May 23, 2014

The School of Public Health presented its highest honor, the Dean's Medal, to Dr. Carlessia Hussein, Director of the Office of Minority Health and Health Disparities in the Maryland Department of Health and Mental Hygiene during the Spring 2014 commencement ceremony. The Dean's Medal for Exceptional Contributions to Achieving a Better State of Health was established to acknowledge those individuals or organizations outside of the School who have made a significant contribution to advancing a better state of health in Maryland. It is the highest honor that the school bestows and has only been awarded once before.

Dr. Hussein started her career as a nurse who two decades later had earned her doctorate in public health from UC-Berkeley and was well on her way to making a significant impact on the population's heath at the local and state levels. Interlaced throughout her more than 40-year career has been a commitment to the health of minority, underrepresented and underserved populations.

Not surprisingly, she was appointed the inaugural Director of Maryland's Office of Minority Health and Health Disparities, a position she has held for the last 10 years.

In her early career as an academic administrator in public health education, Dr. Hussein advised faculty on minority student issues, promoted cross-cultural sensitivity and exchange among students and faculty, and developed preparatory and recruitment programs to increase the successful enrollment of minority students into public health training programs.

After almost two decades in California, Dr. Hussein was recruited to work for the District of Columbia, marshaling her passion and skills to build improved health infrastructure, planning and service delivery for citizens of the nation's capital.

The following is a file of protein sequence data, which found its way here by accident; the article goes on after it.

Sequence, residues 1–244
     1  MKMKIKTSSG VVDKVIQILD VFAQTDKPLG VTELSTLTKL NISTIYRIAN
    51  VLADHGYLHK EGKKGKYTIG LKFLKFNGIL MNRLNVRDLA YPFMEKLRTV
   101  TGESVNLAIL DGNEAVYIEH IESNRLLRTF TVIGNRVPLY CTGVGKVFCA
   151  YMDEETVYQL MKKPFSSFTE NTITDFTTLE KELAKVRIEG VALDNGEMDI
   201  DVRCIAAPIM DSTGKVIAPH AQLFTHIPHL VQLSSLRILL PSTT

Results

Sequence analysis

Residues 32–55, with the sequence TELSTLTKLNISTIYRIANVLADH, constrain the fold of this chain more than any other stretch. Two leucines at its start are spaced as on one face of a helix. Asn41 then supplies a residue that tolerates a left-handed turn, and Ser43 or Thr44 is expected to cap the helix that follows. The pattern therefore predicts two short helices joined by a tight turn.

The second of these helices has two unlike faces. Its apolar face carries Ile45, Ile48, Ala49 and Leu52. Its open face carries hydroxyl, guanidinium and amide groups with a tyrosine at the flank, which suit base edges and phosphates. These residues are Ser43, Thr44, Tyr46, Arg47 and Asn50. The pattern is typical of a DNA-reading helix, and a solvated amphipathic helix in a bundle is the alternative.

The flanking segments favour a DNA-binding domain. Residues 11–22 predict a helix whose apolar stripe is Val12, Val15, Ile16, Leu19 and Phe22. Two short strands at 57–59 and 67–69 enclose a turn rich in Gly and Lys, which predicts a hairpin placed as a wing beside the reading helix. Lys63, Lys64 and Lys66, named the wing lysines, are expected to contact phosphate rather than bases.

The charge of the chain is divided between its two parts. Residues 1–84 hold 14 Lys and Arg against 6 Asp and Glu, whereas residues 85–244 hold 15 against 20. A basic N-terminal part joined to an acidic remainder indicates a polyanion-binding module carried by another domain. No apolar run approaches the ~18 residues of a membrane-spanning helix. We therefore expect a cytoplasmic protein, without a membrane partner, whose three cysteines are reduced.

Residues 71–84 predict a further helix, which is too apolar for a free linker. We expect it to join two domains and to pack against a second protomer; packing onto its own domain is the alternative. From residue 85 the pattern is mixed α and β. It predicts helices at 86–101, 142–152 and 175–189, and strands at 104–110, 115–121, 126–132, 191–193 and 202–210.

In 1996, Dr. Hussein joined the Maryland Department of Health and Mental Hygiene to lead the Community and Public Health Administration. Here she shepherded the implementation of more than 15 traditional public health programs through the state's 24 counties, including primary care and maternal services, chronic disease, epidemiology and disease control, and prevention and consumer health. She also established a statewide health planning process that created a partnership between counties and the state to serve the varying community needs across Maryland.

Dr. Hussein's leadership in addressing minority health and health disparities earned her prominent recognition by state officials and in June 2000 she was asked to direct the Cigarette Restitution Fund Program, implementing Maryland Senate Bill 896 to reduce smoking and control cancer through the administration of the state's funds from the U.S. Tobacco Settlement Program. Under her direction the state saw cancer mortality disparities drop by over 50% between Blacks and Whites and reductions in smoking prevalence among both youth and adults.

In 2004, Dr. Hussein was asked to direct the newly established Office of Minority Health and Health Disparities, where she has built an infrastructure in the state for addressing issues of minority health and health disparities.

Dr. Hussein has been a friend and partner to the University of Maryland, School of Public Health since its establishment. She has worked with many of our faculty to support our shared mission of advancing a better state of health, and her efforts will leave a lasting impact on the state of Maryland.

For these reasons and more, we recognize Dr. Hussein's outstanding record of contributions and achievements that have impacted the health status of populations through direct intervention, policy initiatives, public health leadership and service.